It wasn’t wrong to make them change clothes

As many people who have flown as non-rev passengers pointed out to me, it was not wrong to force these passengers to change clothes. Everyone who uses these type of tickets knows, or should know, the rules. By showing up inappropriately dressed, they were breaking the rules. If some people can follow the rules, then everyone should have to.

I totally agree. Rules are rules. Now I don’t know what actually happened at the airport. Was the gate agent polite about reminding them about the dress code or were they snooty about it?


We all know that in situations like this, it is the approach that you take and not the message you are delivering that makes all the difference in how the interaction goes. I’m not going to start to form opinions on this one because it wasn’t even the passengers who were writing United, but people observing the situation. However, you figure if it was enough of a scene for others to notice, then it must have been more than a polite request to change clothing and the passengers being totally accommodating. I’ll leave it at that.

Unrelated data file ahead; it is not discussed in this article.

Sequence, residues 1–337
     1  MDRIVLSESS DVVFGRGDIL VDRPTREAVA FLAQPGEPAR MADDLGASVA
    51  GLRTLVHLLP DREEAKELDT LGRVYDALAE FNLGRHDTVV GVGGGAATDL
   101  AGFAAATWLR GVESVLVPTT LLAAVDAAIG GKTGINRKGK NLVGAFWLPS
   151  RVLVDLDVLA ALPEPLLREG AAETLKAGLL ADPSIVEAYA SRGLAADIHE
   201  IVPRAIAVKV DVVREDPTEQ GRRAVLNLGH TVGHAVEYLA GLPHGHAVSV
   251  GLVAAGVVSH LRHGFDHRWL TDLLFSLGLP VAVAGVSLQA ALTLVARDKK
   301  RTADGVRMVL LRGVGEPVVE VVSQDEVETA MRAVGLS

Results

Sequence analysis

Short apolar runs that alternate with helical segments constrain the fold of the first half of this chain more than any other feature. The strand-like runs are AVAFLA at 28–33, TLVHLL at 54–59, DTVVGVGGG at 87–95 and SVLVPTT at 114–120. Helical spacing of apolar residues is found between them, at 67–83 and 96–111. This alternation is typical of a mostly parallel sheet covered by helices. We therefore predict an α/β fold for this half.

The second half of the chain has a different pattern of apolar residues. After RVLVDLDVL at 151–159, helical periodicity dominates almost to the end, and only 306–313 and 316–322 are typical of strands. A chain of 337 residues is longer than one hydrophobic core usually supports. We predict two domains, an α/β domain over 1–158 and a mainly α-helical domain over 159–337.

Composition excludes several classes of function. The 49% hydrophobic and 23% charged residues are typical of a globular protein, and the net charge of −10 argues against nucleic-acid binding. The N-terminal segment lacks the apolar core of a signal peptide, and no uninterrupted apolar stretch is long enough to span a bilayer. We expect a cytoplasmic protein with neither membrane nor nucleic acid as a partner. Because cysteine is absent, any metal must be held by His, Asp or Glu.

How thoughtless customer service makes things worse

Here’s one of the big takeaways from this whole event. The initial response by the United Twitter team was one of the reasons why this story went viral. The knee-jerk response that the gate agent was correct and had the right to deny boarding to anyone based on the legal Contract of Carriage. You know, the contract that no one reads that says the passenger has no rights and the airlines can do whatever they want was the basis they used on Twitter to justify making passengers change or cover up their leggings because they were”not properly clothed.”